Take Control of Interruptions!
How often do you deal with interruptions at work on a given day? If you are like most of us, you have no idea, you just know that it’s a lot. Professor Gloria Mark at University of California, Irvine, conducted a careful study of interruptions. Here’s what she discovered:
People switch activities an average of every 3 minutes and 5 seconds. Roughly half of those interruptions are self-interruptions. The remaining interruptions were from outside sources, and she discovered that of these interruptions, it took an average of 23 minutes and 15 seconds to return to the interrupted task. (Even though 83% of them were completed the same day.)
Self-interruptions are a matter of your personal focus, and that’s the subject of a different article, but let me offer some common-sense strategies which can cut your outside interruptions in half.
Don’t Be The Quartermaster
Believe it or not, some managers and supervisors, either by choice or default, find themselves the keeper of the supplies and/or office equipment. If people have to come to your office for a box of pens or tissue, or to use the copier, or find a broom, then you need a new arrangement. Move ALL those things out of your office, or move your office! If you have chosen this arrangement because you feel you need to control the use of supplies and equipment, well, that’s a different problem that this article doesn’t cover!
Only On Your Terms
“Hey, do you have a minute?” “Can you look this over before I send it?” “Is this a good time to talk about the banquet?” These kinds of questions can drain your time like a vampire. If you have developed the habit of saying “Yes” every time this question is asked, you are training your people to interrupt you, and fostering the attitude that your time is not as important as theirs. Perhaps you have unquestionably subscribed to the time-management mantra of “Do it now!” If so, then you should rethink that.
Get in the habit of saying something like, “I’ll be glad to, but let’s do it at 2:30 this afternoon.”
Train Your Team
Granted, some issues are urgent and can’t wait until later. Setting the interruption to a later time is not practical, but you can set a time limit on right now. Ask them how long it will take, and then hold them to that time limit. It might be a good strategy to ask them to skip the explanation for what they want, and get directly to the request. This goes a long way toward retraining your people to communicate quickly and succinctly. Subsequent interruptions concerning the same topic might then be able to be rescheduled.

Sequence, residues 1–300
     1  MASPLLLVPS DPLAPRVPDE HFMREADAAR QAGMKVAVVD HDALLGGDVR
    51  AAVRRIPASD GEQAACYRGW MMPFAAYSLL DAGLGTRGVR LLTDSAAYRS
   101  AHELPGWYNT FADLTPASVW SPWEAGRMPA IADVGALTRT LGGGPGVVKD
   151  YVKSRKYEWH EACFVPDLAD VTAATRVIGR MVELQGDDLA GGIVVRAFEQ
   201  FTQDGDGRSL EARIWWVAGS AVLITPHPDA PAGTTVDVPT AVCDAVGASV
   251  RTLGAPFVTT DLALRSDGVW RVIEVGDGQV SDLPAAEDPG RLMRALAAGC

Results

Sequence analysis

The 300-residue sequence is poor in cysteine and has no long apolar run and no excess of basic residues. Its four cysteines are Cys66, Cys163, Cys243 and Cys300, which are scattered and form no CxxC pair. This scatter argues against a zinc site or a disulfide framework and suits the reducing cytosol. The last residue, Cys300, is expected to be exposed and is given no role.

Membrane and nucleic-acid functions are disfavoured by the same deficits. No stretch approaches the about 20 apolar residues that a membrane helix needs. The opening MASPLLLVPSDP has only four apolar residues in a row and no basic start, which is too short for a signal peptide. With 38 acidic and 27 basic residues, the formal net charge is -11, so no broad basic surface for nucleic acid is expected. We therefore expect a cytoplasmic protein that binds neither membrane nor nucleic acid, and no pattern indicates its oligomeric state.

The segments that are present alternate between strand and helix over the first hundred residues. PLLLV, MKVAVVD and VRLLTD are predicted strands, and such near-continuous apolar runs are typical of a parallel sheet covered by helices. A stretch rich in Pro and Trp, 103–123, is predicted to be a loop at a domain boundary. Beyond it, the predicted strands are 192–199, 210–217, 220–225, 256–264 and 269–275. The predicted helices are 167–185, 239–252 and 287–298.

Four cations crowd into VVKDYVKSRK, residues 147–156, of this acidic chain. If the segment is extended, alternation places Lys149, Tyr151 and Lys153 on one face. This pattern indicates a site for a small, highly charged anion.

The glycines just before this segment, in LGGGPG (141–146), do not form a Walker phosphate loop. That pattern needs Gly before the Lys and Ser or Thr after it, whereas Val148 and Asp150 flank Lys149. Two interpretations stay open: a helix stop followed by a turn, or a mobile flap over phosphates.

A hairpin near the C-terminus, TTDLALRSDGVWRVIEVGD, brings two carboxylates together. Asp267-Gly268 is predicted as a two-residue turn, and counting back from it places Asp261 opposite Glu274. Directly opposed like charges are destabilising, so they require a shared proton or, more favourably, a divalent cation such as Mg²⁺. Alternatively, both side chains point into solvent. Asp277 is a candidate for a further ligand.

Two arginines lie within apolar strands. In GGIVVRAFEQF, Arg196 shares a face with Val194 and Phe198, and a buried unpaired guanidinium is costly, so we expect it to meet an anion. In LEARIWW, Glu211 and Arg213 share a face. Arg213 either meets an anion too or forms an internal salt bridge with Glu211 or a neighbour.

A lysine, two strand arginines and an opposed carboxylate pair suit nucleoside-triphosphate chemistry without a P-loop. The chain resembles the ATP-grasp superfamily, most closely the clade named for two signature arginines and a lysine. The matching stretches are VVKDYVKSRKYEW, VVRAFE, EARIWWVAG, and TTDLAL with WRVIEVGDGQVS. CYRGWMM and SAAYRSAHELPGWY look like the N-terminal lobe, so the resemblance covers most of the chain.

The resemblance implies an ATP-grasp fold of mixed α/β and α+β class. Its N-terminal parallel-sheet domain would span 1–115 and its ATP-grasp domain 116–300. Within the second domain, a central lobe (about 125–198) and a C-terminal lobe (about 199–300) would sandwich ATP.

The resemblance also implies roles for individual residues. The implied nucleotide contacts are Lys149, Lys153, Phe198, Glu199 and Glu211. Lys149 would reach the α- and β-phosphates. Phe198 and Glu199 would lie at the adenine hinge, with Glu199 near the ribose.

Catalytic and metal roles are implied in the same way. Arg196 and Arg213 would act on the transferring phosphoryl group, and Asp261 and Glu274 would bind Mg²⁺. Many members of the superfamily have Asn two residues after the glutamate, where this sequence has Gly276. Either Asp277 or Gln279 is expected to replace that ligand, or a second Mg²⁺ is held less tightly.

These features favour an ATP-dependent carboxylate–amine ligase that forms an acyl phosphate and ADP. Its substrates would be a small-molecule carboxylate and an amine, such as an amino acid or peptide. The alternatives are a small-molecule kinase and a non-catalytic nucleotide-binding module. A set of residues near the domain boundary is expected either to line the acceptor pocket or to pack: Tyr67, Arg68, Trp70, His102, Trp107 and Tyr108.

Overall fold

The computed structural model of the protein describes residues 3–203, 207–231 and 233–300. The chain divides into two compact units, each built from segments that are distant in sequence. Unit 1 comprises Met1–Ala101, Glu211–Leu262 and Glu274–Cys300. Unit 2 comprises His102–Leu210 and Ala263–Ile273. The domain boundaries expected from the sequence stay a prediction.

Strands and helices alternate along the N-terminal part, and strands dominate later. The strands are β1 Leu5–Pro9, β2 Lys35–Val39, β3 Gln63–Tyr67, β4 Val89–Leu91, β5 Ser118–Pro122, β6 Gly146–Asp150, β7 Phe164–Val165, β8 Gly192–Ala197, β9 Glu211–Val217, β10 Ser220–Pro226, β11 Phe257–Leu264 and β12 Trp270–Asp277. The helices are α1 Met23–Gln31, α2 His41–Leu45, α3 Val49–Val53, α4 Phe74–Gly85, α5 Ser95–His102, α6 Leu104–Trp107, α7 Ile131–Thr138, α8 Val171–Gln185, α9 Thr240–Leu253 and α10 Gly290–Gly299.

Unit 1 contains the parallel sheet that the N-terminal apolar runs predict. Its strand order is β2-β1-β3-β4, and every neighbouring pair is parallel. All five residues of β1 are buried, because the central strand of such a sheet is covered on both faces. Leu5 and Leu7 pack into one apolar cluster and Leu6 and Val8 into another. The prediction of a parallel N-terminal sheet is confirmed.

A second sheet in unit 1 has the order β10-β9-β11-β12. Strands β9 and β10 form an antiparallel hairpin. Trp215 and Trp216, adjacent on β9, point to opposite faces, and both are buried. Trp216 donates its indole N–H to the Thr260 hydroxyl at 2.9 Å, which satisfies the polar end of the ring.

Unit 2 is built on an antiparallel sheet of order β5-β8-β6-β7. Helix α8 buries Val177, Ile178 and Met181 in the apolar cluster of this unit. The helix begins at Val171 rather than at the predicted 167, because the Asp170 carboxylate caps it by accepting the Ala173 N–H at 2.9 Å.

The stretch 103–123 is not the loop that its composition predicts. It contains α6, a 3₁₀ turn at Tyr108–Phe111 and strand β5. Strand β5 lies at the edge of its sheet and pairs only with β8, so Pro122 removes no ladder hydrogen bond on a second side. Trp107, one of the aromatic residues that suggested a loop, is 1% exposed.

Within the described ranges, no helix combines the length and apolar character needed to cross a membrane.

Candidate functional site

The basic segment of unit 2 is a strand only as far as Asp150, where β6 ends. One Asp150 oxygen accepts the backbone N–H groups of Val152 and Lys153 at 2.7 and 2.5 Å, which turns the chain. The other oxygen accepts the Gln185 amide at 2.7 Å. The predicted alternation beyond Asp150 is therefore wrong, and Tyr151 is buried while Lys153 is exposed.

If you have a pressing deadline in which there is no room for interruptions, simply make yourself hard to find. Set up in an empty room or office and work there. It goes without saying that you will need to turn off your electronic devices so you cannot be “found” that way, either.
Open Door Policy? Maybe Not
Change your policy. If you have an open door policy to communicate your constant availability, switch to a policy or practice that has “open door hours,” during which your people know to bring their issues to you, and to leave you alone during “closed door” hours.
Don’t Allow Interruptions To Be Interrupted
Only allow interruptions to pile up “one deep.” If you are already on your desk phone, and your cell phone rings, let the cell phone go to voice mail. If the cell caller leaves a message you may choose to listen to it right away, or listen later when you are finished with your activity. Even then, you will have the option of responding to the message at that time or later.
Be Phone Smart
When you answer the phone, don’t begin with, “How are you?” This is an invitation to small talk that will take more time than necessary. Instead, after you have identified the caller, ask, “What can I do for you?” This focuses the conversation quickly on the business at hand without being brusque.
Not all interruptions can or should be avoided. But the above strategies can dramatically enhance your work output on a given day.
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